Kirby is far from alone in her Brexit ire. Almost two-thirds of Scots rejected European departure in 2016, only for successive Westminster governments to pursue strict exit terms. Spotting an open goal, the SNP doubled-down on its anti-Brexit position â€” a move thatâ€™s paid dividends in the polls. As of early 2021, a majority of Scots indicated support for the party at Mayâ€™s Scottish Parliament election, with 63% endorsing a return to EU membership (something independence would facilitate, nationalists say).Â
But Brexit is a double-edged sword for the SNP. A fractious and often messy affair, Britainâ€™s withdrawal from Europe has shown the agony of grand constitutional change, as well as its unintended consequences. It also raises unavoidable â€” and, for some, unanswerable â€” questions on relations with England should a sovereign Scotland seek EU accession.Â Â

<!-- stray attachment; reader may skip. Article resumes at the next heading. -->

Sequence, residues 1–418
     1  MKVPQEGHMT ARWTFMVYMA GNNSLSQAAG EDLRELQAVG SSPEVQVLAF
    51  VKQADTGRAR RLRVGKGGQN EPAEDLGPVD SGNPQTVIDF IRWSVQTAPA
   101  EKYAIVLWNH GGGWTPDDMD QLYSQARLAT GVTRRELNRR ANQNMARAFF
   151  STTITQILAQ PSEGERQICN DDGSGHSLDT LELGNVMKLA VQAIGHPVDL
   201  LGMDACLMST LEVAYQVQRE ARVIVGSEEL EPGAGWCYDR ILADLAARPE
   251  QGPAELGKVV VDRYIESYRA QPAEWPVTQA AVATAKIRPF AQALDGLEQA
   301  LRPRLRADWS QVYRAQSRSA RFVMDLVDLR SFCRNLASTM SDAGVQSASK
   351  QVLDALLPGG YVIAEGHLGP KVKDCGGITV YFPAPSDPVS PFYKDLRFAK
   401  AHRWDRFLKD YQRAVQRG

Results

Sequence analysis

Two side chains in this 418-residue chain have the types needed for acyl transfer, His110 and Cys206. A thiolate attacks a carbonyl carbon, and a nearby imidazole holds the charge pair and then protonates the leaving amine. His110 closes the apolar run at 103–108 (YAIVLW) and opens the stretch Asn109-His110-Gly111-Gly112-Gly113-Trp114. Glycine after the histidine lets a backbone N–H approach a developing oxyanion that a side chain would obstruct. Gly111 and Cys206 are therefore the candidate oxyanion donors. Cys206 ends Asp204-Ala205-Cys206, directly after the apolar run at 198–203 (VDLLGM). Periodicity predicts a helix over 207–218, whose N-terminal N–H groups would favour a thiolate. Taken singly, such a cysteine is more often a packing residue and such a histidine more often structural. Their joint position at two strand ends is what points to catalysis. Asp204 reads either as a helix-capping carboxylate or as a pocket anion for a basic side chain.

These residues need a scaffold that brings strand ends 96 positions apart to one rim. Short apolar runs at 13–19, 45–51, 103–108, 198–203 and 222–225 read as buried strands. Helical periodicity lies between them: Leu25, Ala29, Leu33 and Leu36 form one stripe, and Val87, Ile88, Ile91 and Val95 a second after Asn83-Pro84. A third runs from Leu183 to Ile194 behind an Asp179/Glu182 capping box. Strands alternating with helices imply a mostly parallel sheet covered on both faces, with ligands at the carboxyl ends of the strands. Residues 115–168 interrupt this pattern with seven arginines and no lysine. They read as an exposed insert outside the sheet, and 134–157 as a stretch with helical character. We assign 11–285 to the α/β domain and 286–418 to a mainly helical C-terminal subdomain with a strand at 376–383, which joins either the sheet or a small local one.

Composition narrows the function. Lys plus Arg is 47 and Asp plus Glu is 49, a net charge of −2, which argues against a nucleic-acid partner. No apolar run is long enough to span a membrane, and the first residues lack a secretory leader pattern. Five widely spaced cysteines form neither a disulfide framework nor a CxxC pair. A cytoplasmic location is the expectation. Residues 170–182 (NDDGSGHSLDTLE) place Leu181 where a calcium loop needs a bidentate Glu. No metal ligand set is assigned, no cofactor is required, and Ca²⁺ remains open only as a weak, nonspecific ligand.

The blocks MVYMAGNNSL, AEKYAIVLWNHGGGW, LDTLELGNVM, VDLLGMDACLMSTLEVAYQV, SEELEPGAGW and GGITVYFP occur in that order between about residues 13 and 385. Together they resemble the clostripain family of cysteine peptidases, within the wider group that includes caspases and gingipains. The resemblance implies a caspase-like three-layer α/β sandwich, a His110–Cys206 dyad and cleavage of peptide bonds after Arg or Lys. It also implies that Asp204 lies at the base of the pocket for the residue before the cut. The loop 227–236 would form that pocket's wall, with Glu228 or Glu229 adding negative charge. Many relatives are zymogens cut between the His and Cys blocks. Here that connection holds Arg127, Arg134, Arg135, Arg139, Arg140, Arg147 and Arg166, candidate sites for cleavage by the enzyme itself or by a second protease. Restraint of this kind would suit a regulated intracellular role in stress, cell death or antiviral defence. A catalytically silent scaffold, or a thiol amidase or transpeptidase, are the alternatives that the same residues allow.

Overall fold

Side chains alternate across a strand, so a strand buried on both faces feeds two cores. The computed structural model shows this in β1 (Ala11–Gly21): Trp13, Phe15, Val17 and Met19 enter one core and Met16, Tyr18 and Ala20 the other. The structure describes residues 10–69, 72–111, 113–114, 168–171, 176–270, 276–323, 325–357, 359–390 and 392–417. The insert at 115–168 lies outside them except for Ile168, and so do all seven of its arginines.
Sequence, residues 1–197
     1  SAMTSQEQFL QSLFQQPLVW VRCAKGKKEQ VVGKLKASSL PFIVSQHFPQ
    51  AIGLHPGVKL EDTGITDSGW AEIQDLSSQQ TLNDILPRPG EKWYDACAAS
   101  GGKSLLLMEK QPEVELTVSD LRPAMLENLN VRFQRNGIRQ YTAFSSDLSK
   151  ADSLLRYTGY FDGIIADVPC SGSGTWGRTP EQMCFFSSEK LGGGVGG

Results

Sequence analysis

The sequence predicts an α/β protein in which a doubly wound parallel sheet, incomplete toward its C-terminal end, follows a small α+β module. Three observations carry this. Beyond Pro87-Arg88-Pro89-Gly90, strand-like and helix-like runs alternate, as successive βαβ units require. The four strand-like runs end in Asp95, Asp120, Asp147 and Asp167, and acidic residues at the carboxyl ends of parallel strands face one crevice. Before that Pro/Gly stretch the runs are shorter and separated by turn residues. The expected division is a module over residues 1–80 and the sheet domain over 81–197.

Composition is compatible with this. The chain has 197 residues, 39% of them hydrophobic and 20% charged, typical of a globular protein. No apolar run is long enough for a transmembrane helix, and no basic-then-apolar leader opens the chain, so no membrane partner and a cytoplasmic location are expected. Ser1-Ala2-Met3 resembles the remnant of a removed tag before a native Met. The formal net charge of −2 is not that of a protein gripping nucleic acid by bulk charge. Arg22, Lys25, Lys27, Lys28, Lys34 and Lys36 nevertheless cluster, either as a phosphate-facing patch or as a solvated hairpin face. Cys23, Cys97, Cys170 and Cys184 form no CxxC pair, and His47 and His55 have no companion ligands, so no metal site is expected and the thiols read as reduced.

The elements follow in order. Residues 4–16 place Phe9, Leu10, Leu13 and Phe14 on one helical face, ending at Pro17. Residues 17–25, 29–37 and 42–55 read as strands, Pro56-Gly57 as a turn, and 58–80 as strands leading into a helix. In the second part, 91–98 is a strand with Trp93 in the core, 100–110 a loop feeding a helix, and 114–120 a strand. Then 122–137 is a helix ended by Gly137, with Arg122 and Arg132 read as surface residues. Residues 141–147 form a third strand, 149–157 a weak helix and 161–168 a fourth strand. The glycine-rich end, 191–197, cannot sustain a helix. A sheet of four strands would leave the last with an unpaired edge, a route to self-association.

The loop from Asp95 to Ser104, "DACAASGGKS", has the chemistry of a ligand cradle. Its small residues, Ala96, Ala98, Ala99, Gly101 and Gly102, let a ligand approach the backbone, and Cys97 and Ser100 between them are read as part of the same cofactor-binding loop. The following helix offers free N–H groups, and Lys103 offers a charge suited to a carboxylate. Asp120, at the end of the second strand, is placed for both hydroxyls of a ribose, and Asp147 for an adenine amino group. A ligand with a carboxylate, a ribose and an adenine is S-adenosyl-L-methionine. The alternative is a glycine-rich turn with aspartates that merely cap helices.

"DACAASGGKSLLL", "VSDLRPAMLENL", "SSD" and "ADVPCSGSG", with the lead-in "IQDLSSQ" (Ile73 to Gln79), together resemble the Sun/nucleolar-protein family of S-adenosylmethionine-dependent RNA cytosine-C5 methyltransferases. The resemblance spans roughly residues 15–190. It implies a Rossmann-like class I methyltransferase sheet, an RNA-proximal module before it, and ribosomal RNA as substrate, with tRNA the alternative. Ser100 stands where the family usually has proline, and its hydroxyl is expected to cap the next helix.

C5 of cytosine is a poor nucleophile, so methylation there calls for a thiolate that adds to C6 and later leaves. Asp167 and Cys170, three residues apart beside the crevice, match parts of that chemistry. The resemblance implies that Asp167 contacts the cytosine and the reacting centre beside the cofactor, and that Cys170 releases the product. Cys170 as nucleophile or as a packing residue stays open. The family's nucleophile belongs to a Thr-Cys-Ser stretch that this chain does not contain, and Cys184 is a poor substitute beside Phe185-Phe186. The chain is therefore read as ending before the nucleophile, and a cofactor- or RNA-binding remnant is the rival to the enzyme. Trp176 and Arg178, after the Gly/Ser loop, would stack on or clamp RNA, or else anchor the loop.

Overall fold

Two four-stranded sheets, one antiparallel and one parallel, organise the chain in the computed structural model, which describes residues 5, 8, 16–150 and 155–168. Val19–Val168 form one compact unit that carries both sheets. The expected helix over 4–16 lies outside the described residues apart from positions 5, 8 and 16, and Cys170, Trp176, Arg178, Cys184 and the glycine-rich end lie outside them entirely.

â€œWeâ€™ve seen with the Irish Republic and Northern Ireland how difficult it is to have a land border between an EU and non-EU state. If Scotland were to become independent and rejoin Europe, the border with England would be impossible,â€ says IT specialist Heather Herbert.
Brexit isnâ€™t her only concern. In 2014, having recently moved north of the border, Herbert was won over by the independence movement: it spoke to her progressive values and liberal politics â€” or so she thought. In the years that followed, a disturbing undercurrent of ethnonationalism and what she regards as LGBT-hate began emanating from the edges of the separatist camp, says the trans activist.
â€œWhen it comes to prejudice against marginalized groups, it was sort of like: â€˜OK, just brush it under the carpetâ€™. Thereâ€™s a lot of hate thatâ€™s masked by the campaign for independence, one reason I canâ€™t support it any longer.â€Â
A wider civil war also rages, including the sensational split between First Minister Nicola Sturgeon and her one-time friend and mentor Alex Salmond.Â